Sukkot 2018

In 2018, the "festival of booths" begins at sundown on Sunday, Sept. 23 and lasts until sundown on Sunday, Sept. 30.

In 2018, the “festival of booths” begins at sundown on Sunday, Sept. 23 and lasts until sundown on Sunday, Sept. 30.

The conclusion of Sukkot marks the beginning of the separate holidays of Shemini Atzeret and Simchat Torah.

What is Sukkot?

Sukkot is known as the “Festival of Tabernacles” and the “Feast of Booths.” It is one of Judaism’s three central pilgrimage festivals, along with Passover and Shavuot.

What are some Sukkot customs and practices?

It is traditional to build a sukkah, a temporary hut to dwell in during the holiday.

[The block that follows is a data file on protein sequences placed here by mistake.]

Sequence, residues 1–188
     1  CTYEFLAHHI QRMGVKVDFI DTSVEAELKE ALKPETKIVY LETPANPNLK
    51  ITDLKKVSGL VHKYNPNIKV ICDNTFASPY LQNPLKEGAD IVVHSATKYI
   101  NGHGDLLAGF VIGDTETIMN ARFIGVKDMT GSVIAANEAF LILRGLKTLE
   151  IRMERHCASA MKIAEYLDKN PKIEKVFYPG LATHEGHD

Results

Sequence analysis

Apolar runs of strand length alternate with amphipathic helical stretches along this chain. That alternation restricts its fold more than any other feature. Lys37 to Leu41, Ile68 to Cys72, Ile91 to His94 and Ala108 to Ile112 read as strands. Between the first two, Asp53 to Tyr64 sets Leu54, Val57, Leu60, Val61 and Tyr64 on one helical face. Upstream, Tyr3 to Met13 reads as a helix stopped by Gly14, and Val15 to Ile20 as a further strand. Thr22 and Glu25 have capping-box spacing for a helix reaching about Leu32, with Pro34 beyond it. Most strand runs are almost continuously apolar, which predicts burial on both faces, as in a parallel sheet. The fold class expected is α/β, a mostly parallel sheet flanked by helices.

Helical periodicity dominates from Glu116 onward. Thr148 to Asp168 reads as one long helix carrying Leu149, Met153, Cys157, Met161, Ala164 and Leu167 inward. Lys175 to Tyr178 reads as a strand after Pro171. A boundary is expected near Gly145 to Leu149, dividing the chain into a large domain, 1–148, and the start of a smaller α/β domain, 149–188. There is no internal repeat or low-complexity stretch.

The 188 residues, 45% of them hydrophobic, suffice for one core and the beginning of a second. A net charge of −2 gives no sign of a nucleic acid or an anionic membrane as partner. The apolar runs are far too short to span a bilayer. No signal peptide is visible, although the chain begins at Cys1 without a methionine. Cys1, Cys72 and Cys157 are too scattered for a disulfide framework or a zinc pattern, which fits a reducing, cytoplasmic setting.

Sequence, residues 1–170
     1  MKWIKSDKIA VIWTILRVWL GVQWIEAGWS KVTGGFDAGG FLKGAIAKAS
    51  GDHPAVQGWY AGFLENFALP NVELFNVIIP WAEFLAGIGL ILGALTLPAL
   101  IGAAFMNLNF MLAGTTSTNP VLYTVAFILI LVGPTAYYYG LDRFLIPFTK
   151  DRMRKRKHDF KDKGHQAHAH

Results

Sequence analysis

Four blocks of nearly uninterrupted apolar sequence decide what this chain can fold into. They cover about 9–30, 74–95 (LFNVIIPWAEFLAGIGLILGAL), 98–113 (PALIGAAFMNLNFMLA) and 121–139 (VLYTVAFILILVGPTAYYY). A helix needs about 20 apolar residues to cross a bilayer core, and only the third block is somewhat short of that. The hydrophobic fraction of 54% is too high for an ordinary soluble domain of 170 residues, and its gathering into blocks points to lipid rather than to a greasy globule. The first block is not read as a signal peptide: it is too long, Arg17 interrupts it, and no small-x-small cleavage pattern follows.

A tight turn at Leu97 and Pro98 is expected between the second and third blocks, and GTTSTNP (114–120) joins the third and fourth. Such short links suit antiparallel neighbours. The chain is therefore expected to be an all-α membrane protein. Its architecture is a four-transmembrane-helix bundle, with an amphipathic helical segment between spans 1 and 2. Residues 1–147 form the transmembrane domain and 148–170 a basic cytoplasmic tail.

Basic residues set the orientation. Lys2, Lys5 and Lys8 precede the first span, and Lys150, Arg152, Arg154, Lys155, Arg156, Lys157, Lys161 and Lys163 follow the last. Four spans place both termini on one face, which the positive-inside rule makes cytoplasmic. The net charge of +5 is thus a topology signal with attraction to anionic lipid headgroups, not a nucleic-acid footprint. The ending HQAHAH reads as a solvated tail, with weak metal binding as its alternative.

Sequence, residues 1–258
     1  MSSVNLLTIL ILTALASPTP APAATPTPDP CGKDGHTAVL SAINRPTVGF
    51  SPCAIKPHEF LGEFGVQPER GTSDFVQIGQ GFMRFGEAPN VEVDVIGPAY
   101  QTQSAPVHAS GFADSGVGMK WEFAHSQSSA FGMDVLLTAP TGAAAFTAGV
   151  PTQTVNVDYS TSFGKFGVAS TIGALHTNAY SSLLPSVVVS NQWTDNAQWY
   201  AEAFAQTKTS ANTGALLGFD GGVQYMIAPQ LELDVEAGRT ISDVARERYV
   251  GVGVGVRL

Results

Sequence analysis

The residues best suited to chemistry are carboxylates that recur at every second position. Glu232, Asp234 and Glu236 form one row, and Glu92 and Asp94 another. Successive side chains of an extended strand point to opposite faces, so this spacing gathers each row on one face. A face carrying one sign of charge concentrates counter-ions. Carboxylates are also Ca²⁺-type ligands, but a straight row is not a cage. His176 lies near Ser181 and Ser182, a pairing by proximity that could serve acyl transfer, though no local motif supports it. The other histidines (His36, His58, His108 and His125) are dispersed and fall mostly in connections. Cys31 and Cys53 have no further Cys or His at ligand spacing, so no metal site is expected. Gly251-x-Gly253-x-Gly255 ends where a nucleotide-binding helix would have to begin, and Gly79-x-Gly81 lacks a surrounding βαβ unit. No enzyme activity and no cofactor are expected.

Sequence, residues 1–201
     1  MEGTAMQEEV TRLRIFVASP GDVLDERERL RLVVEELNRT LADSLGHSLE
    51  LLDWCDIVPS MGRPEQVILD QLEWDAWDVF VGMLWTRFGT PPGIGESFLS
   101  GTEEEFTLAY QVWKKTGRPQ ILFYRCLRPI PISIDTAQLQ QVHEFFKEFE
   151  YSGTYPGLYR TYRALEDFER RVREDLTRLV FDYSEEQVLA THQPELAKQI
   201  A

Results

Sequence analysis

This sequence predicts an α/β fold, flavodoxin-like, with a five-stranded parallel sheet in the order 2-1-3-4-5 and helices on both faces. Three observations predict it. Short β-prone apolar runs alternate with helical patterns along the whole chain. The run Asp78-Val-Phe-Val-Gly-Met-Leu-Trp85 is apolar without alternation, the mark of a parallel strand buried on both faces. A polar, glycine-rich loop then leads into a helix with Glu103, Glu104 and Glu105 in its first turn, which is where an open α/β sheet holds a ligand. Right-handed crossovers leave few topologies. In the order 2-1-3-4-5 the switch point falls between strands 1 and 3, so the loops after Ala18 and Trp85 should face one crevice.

It is the custom to buy a lulav and etrog and shake them daily throughout the festival.

In the times of the Temple, Sukkot was also the time of a water-drawing ceremony, a wonderfully joyous and upbeat celebration.

Discover More

Must-Know Sukkot Words and Phrases

Key terms for the holidays of Sukkot, Shemini Atzeret and Simchat Torah.

What is Shemini Atzeret?

Not quite Sukkot, not quite its own holiday.

What Is A Sukkah?

Dwelling for Sukkot.

Celebrating Sukkot without a Sukkah

How to creatively approach the fall harvest holiday, even if you can't build a hut.

Sukkot for Families

Creative tips for the happiest time of the year.

Shemini Atzeret and Simchat Torah at Home

Although both Shemini Atzeret and Simchat Torah are curiously bereft of special home customs, both are full festivals marked by holiday meals, special blessings, and a prohibition on work.